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The Panama Papers Fifth Anniversary Panel

On April 3, 2016, at 2 pm EST, the world was rocked by the publication of the Panama Papers investigation led by the International Consortium of Investigative Journalists. In the biggest collaboration of its kind, 376 journalists from 107 media companies in 80 countries sifted through, investigated and fact-checked 11.5 million documents or 2.6 terabytes of data, some dating back decades, comprising emails, images, databases, spreadsheets, passports and corporate records exposing shell companies that kept off-shore accounts that were used for corrupt purposes like tax evasion, money-laundering, organized crime and other illegal financial activities. The data dump was leaked from the Panamanian law firm Mossack Fonseca by a whistleblower, whose identity remains unknown to this day even to the journalists involved in the investigation.

The initial leak was made to Bastian Obermayer, deputy head of the investigative unit of the Munich-based Süddeutsche Zeitung. Realizing the extensiveness of the data, Obermayer reached out to ICIJ which brought the other media outlets on board. For a year, the journalists worked in secrecy following the dirty money that led to current and former heads of state and politicians across the globe. Some of those Mossack Fonseca clients were president of Syria, Bashar al-Assad; Pakistani president Nawaz Sharif; Vladimir Putin; Sigmundur David Gunnlaugsson, the prime minister of Iceland; British Prime Minister David Cameron and Donald Trump. The Panama Papers investigation won the 2017 Pulitzer Prize for Explanatory Reporting.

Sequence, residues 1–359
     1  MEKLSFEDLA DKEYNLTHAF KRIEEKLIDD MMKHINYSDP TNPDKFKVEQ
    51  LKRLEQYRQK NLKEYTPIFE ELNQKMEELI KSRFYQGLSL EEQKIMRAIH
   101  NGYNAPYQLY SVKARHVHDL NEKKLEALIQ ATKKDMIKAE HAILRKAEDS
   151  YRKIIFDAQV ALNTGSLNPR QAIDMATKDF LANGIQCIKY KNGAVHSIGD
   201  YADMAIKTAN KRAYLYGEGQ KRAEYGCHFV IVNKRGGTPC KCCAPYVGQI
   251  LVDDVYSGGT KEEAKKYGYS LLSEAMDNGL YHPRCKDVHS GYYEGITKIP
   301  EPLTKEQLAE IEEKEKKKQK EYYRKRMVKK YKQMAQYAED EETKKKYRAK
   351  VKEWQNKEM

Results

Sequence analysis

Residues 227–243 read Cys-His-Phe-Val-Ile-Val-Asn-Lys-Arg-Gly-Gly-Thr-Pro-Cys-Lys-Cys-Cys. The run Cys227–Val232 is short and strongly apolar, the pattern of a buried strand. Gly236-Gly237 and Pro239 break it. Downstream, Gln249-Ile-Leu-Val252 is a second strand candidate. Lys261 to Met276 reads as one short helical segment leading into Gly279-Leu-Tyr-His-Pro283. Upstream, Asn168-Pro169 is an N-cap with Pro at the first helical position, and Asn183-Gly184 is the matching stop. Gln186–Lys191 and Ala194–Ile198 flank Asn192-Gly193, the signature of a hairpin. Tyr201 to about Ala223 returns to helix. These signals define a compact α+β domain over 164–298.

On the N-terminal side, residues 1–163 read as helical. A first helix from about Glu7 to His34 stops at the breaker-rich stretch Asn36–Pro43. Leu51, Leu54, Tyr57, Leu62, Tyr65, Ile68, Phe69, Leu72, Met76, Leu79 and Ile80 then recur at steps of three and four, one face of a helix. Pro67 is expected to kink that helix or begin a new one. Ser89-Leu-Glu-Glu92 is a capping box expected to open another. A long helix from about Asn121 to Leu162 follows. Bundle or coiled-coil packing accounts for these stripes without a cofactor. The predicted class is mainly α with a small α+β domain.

On April 15, 2021, ICIJ held a panel discussion via zoom for the five-year anniversary of the groundbreaking investigation. Participants were Obermayer; Rita Vasquez, director of the Panamanian newspaper La Prensa and filmmaker Alex Winter, director of the 2018 documentary The Panama Papers. The panel was moderated by Venezuelan journalist Emilia Diaz-Struck, ICIJ’s research editor and Latin America partnerships coordinator.

Diaz-Struck talked about her memories of the first days after the stories broke. “We had citizens around the world demonstrating in the streets, official investigations announced, and even resignations of powerful figures. The impact that followed was unprecedented. It was beyond what anyone on the team could have imagined. This project was the result of a powerful combination of people, data and technology.”

Obermayer described the initial contact with the whistleblower on a day when his entire family was ill. In between getting them medicine and changing sheets when they were sick, he was in conversations with “John Doe” who told Obermayer his life was in danger. “So it wasn’t an ideal situation. I had to go back and forth between my device and my family, but at the end of the day, I had the first seven documents, seven out of, later, 11.5 million documents.” When he realized they implicated Putin’s best friend and the Prime Minister of Iceland, he realized the project was way too big for one newspaper and called ICIJ.

Technology was key to the collaboration between the various partners, Diaz-Struck explained. ICIJ already had graph databases that allowed visualizations to explore connections between companies and people, a document research platform that basically worked as a google-search to find people, and a global ihub – a virtual newsroom network – where journalists could share findings. With the initial knowledge that 140 politicians in more than 50 countries were implicated, more and more journalists were added as the project grew in scope. 

Vasquez was at the center of the drama as Mossack Fonseca was based in Panama, even though it had international clients the world over. “Panama was at the heart of this investigation, basically in the middle of this worldwide earthquake,” she said. “At the beginning, people didn’t really believe it because it was so surreal. Then we published, an hour late. And then people realized it was true.” Then came the backlash. “After that, we suffered. We saw a lot of subscribers dropping off. We saw a lot of death threats to the journalists and the team. We were called traitors.” Her team persisted in their reporting with additional security hired, and eventually, a lot of changes were made in the Panamanian regulations. Unfortunately, according to her, a lot of the shady financial dealings merely shifted jurisdictions. Instead of Panama, they went to Nevada, Montana or Wyoming, among other places.